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I love this idea - “What is in your bin directory?” was one of my first Lobsters posts. https://lobste.rs/s/f4konf/ask_lobsters_what_s_in_your_personal_bin_directory


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    sponge: soak up standard input and write to a file

    Ermmm, how it is different from >?

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      Try running the example on the page using > instead of sponge.

      Edit: don’t do it on /etc/passwd.

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        I honestly see no difference…

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          The behavior you see depends on the shell. On bash 3.2 for an example:

          $ cat foo
          $ cat foo | tr o O >foo
          $ cat foo
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        One thing that is different is that it’s explicitly not a shell construct, independent of bash, etc. Which means you can then do command | sed | sudo sponge /etc/file. Trying to redirect the output using > would fail with a permission denied (unless your user could actually write to /etc, like root).

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          You can hijack tee for this purpose (pipeline | sudo tee /…/file > /dev/null), but buffering stdin before writing is extremely useful. Is sponge smart enough to buffer to another file and mv it into place at the end, I wonder?

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            Yes. See the sponge manpage.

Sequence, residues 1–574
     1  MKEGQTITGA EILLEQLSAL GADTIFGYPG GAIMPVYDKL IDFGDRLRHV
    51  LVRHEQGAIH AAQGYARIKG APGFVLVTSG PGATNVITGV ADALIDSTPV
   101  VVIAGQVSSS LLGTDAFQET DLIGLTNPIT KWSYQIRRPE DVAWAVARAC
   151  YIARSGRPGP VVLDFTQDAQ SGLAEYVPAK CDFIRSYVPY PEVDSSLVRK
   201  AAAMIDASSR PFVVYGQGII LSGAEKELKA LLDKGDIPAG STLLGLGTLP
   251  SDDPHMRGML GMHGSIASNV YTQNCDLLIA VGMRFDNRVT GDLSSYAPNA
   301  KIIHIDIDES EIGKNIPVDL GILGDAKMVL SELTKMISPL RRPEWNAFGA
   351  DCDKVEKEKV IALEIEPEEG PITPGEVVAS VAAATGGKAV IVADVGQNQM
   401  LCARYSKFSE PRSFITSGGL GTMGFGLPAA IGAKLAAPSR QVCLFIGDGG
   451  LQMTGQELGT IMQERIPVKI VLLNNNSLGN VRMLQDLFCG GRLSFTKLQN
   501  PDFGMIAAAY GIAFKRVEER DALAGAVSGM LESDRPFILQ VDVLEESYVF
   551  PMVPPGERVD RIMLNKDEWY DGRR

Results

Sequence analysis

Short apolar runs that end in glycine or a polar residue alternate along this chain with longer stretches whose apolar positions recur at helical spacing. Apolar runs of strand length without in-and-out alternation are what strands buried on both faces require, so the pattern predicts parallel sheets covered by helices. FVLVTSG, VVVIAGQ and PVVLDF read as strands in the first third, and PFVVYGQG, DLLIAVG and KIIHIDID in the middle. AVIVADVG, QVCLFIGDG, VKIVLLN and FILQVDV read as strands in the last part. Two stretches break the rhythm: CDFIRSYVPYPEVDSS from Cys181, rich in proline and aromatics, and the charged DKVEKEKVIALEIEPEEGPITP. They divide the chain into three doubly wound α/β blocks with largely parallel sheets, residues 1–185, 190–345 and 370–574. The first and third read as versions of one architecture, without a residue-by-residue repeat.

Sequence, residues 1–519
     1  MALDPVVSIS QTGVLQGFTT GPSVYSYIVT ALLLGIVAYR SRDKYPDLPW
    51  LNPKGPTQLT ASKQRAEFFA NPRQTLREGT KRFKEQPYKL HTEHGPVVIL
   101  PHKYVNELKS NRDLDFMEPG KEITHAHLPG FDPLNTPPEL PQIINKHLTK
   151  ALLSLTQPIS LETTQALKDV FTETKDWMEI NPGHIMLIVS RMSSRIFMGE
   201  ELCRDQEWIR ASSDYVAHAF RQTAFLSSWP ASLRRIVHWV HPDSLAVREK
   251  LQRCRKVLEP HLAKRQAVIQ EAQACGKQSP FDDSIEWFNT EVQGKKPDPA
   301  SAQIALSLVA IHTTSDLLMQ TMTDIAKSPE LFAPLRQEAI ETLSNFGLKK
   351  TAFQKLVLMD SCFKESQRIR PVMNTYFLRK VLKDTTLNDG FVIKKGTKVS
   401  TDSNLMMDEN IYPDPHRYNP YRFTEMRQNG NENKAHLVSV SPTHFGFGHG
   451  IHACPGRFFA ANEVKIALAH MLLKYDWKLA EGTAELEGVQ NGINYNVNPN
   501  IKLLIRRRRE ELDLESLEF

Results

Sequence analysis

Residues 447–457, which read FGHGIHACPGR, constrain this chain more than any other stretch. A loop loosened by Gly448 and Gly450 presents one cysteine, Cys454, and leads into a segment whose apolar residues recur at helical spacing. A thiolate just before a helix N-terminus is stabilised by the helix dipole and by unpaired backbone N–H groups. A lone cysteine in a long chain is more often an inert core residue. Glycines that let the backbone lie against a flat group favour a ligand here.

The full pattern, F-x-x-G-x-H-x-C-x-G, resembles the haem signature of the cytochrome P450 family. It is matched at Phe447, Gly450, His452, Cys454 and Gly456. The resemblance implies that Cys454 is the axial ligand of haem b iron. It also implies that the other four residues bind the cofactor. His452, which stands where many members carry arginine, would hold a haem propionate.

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        I find myself often needing a realpath (1) in a shell script when all I get from the standard is a realpath (3), so I carry this around with me.

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          are there are good,quick,small scripts to create summary statistics and histograms for numbers? numutils is mentioned in the description of moreutils, but it doesnt appear to provide those.

          atchange is a handy script to trigger a command whenever a file gets updated. I use it to automate the edit-save-run loop when writing code. It’s not technically in my /bin directory, it’s in .bash_aliases as a shell script, which I wrote after reading about the original perl script described here

          # atchange $1 $2
          # runs command $2 whenever file $1 is modified
          function atchange(){
            if [ "$#" -lt 2 ]
              echo "Insufficient arguments. Requires at least 2"
              echo "Usage: atchange [filename] [command(s)]"
              while [ -f "$FILE" ] || ! echo "File $FILE not found" 
                #inotifywait -qq -e modify "$FILE"; # disabled to remove dependency. use polling instead
                newmodtime=`stat -c %y "$FILE"`
                if [ -z "$oldmodtime" ]; then
                if [ "$newmodtime" != "$oldmodtime" ]; then
                  echo "*** atchange: $FILE change detected ($newmodtime) ***"
                  sleep 1 # may not be necessary
                sleep 2 # polling interval
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            Perhaps spark.